SINGAPORE: Homegrown crowdfunding platform CoAssets made its debut on the Australian Securities Exchange (ASX) on Monday (Sep 5), becoming the first of its kind to go public in Australia.
CoAssets, which was previously listed on the National Stock Exchange of Australia (NSX) in 2015, raised S$6.72 million from its public offer of shares at S$0.41 per share. The listing builds upon an initial S$4.8 million raised from other private placements, allowing the company to raise more than S$10 million over the past 12 months.
At the offer price, CoAssets, which describes itself as one of Southeast Asia's largest crowdfunding platforms, is estimated to have a market capitalisation of S$67.73 million.
Co-founder and chief executive Getty Goh told Channel NewsAsia that the move from Australia’s secondary board to the main ASX board was about taking “the company to the next level” amid growing demand for alternative capital-raising methods in the region.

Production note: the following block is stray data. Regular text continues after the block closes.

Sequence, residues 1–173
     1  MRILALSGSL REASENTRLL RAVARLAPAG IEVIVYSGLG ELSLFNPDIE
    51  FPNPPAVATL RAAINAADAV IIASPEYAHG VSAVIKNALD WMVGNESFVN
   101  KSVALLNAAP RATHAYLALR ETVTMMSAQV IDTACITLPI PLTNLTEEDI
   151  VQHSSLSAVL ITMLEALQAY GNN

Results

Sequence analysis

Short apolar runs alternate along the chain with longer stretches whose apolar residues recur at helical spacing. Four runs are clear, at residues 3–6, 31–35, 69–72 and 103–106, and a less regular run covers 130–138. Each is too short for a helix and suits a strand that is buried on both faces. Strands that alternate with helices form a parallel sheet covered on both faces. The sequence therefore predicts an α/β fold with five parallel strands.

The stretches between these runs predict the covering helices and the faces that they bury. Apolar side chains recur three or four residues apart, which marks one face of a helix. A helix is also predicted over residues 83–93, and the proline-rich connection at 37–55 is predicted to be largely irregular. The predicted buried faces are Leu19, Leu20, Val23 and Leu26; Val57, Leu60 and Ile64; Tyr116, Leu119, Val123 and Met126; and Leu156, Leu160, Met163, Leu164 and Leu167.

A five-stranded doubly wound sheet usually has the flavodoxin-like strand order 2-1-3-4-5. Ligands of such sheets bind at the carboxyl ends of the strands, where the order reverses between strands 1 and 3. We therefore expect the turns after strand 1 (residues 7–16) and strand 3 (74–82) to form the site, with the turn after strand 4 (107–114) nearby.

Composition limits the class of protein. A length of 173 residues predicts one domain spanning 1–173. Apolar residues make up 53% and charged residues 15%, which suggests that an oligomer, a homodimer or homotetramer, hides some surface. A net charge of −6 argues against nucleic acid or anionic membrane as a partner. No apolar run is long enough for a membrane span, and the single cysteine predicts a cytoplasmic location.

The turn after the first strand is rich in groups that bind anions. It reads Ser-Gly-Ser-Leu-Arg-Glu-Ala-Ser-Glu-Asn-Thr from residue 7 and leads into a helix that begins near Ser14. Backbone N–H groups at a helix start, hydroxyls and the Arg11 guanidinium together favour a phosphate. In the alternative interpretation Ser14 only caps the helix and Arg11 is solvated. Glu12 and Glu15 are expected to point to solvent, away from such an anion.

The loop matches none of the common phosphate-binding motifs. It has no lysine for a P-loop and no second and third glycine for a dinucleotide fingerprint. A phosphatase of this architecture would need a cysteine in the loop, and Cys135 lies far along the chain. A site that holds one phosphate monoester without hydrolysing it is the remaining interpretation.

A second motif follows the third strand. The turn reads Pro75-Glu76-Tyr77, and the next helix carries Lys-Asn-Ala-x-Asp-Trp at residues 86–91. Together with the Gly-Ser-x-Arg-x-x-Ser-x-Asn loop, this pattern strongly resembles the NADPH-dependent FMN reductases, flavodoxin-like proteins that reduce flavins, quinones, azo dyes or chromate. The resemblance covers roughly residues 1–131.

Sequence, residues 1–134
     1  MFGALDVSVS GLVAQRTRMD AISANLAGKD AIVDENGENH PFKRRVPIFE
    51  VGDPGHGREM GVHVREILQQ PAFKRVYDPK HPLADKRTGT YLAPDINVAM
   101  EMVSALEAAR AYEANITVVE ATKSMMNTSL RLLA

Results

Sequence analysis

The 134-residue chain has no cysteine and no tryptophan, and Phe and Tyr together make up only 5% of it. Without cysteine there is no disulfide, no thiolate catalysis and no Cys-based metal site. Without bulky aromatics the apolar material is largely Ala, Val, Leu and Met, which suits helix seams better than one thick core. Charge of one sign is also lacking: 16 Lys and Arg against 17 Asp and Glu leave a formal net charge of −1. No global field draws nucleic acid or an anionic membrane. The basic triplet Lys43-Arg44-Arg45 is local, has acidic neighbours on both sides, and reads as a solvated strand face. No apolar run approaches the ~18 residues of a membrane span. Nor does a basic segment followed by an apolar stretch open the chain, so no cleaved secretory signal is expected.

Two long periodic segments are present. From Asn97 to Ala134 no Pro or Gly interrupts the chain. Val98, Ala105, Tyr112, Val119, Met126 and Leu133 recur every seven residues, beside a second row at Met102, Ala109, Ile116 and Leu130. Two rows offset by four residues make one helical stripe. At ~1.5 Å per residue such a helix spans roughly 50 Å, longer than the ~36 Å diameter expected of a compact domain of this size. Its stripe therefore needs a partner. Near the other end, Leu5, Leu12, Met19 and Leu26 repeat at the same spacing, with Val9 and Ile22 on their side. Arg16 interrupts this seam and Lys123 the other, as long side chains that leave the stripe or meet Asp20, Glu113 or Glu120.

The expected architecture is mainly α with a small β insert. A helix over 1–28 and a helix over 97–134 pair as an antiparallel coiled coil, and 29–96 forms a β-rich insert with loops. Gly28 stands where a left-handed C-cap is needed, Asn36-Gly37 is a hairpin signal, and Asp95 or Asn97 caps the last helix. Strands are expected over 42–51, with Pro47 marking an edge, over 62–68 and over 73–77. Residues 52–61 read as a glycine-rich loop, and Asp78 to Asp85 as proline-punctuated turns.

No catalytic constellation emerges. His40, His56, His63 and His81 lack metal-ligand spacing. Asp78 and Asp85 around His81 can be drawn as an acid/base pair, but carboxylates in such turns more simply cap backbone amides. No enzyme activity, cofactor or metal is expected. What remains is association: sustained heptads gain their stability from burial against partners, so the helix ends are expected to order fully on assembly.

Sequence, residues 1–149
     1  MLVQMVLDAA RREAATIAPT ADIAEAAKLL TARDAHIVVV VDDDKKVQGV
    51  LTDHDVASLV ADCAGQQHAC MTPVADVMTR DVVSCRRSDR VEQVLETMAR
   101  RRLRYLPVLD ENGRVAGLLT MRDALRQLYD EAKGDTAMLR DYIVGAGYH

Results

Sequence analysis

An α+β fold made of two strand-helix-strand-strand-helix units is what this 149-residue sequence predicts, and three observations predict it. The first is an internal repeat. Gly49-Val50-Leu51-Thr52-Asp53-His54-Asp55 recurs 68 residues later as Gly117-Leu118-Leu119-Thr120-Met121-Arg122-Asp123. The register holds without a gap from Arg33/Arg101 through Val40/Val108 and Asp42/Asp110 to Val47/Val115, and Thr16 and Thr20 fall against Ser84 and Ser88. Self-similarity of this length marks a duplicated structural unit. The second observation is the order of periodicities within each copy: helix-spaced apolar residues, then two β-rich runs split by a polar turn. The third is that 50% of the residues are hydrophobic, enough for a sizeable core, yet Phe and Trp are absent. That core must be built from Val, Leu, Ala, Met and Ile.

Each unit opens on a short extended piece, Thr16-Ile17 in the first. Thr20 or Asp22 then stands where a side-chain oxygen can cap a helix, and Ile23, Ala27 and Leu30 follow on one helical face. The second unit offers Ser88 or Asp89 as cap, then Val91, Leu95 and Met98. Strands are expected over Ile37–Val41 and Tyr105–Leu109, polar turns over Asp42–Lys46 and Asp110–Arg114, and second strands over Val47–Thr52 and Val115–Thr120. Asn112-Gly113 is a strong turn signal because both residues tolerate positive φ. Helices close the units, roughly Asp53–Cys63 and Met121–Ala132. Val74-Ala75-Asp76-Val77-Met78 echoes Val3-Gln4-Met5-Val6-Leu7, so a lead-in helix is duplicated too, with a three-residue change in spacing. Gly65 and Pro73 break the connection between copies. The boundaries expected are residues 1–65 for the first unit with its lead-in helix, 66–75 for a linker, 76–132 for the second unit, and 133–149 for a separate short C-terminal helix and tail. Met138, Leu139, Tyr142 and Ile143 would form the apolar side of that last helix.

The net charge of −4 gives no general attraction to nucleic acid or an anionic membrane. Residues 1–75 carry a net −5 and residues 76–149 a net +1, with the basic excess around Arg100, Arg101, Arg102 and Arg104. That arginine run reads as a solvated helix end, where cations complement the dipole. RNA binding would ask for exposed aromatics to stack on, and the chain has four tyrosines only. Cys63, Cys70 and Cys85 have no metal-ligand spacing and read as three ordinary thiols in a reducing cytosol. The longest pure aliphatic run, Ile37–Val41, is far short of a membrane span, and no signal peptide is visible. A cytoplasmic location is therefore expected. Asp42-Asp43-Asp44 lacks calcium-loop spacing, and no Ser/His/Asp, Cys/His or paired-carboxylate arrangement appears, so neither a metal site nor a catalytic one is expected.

“Getting listed has done us very well because the cost of capital from the market is much cheaper,” the 38-year-old entrepreneur said. “If we had gone to a private equity, the cost of capital would have definitely been much more expensive so from a responsible stakeholder standpoint, moving to the main board was something that is good and positive.”
While the team did consider a listing back home, they eventually decided to remain in Australia due to the ASX’s track record of listing tech start-ups.
“We did consider Singapore but all things considered, the Australian market has a precedent of tech companies doing well,” said Mr Goh, raising the example of Malaysia’s iProperty Group which was acquired by its Australian counterpart REA Group for more than S$700 million in February.
“As much as I would love to list in Singapore, unfortunately, there is no such precedent, and so I thought a listing in Australia would make more sense for us.”